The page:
Re-valuing Pollinators through Arts and Science Collaboration


Professor Andrea Liggins (photographic artist, Honorary Research Fellow and retired Dean of Art and Design at the University of Wales Trinity Saint David) and Professor Mike Christie (Head of Aberystwyth University’s School of Management and Business), have recently attained £36k funding from the Arts and Humanities Research Council (AHRC) for a pioneering project that will combine Art with Science to explore new insights into perceptions of the value of honeybees and other wild pollinators and how this new knowledge might best be used to influence conservation policy decisions.

 The ‘Cross-pollination’ project will address these issues through the development of a collaborative network that brings together prestige and award-winning artists and scientists from the UK, Ireland and the U.S.A., along with key stakeholders including Dr Natasha De Vere (National Botanic Garden of Wales (NGBW)), Dr Beynon’s Bug Farm, the Bumblebee Conservation Trust  and Buglife.

Pollinators are facing huge declines across the world due to habitat destruction, pests, diseases, intensification of farming, biodiversity loss and climate change. There is evidence to suggest that the ways in which pollinators are perceived and valued has significant implications for their conservation.

The Cross-pollination project will provide an opportunity for experts from different disciplines to share ideas, discuss values, and develop strategies for inter-disciplinary research and dissemination, with a particular focus on working collaboratively to produce exhibitions of artwork that challenge perceptions, that help demonstrate the benefits that pollinators provide and highlight the decline in pollinator populations.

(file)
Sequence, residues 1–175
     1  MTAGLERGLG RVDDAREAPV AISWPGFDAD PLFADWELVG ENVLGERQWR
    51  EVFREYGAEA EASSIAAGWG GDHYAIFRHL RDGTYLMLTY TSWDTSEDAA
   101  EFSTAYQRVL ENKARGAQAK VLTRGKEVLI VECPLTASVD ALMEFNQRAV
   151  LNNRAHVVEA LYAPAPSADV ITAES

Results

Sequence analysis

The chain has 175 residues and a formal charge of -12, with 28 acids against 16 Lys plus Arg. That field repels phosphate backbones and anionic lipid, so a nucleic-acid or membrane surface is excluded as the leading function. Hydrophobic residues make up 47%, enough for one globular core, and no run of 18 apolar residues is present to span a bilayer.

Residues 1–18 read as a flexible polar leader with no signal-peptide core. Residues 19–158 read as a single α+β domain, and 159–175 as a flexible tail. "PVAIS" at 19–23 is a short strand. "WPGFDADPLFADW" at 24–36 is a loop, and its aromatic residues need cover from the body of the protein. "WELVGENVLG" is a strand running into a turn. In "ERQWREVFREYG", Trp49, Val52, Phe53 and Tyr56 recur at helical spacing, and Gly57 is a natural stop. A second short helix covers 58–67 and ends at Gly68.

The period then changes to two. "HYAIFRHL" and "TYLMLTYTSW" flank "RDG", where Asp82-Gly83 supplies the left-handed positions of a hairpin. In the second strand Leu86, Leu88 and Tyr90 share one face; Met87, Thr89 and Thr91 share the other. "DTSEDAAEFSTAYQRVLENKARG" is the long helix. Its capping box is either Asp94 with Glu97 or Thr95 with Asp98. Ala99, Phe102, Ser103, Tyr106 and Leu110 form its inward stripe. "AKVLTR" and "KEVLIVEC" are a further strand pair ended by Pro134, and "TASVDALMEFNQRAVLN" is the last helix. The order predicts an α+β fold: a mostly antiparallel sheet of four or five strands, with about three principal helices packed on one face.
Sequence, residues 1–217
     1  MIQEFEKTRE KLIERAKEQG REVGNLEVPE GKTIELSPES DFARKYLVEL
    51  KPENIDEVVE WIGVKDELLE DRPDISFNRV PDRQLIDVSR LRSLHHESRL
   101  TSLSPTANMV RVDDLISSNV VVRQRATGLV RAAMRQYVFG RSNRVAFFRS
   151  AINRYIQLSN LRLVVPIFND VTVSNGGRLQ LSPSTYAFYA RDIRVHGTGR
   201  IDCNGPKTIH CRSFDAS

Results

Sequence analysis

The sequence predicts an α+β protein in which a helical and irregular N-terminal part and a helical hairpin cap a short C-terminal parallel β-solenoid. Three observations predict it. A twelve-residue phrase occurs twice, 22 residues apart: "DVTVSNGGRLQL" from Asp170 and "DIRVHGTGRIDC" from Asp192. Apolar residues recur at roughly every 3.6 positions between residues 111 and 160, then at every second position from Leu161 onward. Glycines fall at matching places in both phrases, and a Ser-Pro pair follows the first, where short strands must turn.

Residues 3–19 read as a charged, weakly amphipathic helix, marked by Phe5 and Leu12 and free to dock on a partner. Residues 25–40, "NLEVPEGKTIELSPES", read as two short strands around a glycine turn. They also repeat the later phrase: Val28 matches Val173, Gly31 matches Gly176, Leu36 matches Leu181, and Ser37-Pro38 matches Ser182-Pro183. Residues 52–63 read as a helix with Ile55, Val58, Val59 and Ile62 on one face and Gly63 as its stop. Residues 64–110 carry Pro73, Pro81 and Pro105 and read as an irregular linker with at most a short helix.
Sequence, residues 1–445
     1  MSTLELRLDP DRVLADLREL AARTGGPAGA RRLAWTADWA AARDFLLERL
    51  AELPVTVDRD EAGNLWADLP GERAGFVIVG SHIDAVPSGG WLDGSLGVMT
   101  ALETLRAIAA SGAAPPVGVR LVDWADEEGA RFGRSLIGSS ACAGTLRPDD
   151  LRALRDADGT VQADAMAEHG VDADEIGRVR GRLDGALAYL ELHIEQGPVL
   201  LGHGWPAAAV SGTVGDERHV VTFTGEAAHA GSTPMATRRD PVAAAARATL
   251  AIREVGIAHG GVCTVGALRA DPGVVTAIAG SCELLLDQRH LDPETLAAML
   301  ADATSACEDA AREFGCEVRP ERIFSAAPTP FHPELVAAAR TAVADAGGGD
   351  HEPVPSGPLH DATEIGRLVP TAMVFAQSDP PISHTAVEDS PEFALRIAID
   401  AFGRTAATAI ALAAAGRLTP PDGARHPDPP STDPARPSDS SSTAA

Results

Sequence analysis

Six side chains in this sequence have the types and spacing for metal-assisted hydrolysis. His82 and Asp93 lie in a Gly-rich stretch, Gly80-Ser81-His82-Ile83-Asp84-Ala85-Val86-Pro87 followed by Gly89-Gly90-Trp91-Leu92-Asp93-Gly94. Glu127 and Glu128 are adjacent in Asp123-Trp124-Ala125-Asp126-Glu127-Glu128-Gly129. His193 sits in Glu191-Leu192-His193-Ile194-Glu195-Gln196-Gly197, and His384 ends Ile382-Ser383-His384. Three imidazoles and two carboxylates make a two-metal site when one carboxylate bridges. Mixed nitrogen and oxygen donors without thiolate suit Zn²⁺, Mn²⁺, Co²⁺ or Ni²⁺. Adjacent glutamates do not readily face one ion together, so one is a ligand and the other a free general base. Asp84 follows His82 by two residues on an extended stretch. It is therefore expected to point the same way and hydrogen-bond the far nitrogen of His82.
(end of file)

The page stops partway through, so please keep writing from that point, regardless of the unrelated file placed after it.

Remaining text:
Professor Liggins said: “By drawing on existing networks, the Cross-pollination project will bring together key scientists, artists and stakeholders to participate in a series of exploratory arts workshops that will explore theories of aesthetics, sensory perception, differences in perspectives and language, and investigate possible creative interactions and partnerships”.

“People often think of scientists and artists as being at opposite ends of the spectrum in their work life, even though they may share the same interests in music, theatre and sports for example. It is true that they can work in very different ways and see the world differently, and even use a different language when talking about their work. However, they share a lot of similarities; they are usually passionate about what they do, and do not usually work a 9 to 5 day, but their work can occupy their time, and their thoughts, day and night. Often, for both scientists and artists, their work is a leap into the unknown, and both groups ask the question: ‘What if?’”

Andrea has collaborated with Natasha De Vere (NBGW) on the Barcode Wales project and other UK projects, exhibiting the photography in China and India and at the National Eisteddfod, Llanelli in 2014.

 “Artists and scientists have different training and this affects their views of the world. Working with artists helps me see the work from alternative perspectives, helping me come up with new ideas and think more creatively” explains Dr Natasha de Vere.

Prof Mike Christie said: “Over the past 20 years I have been involved in many research projects that have utilised natural science and economic methods to provide evidence to justify and target nature conservation policies. What is novel and exciting about the Cross-pollination project is that we will highlight how art can be used to demonstrate a multitude of ways in which people value nature and explore how this new evidence might best feed into the design of nature conservation policies”.

It is envisaged that around 10 pieces of art will be generated as part of this project and that they will be on display next year at NBGW, Dr Beynon’s Bug Farm, the Heart of Wales Railway line, as well as in China 

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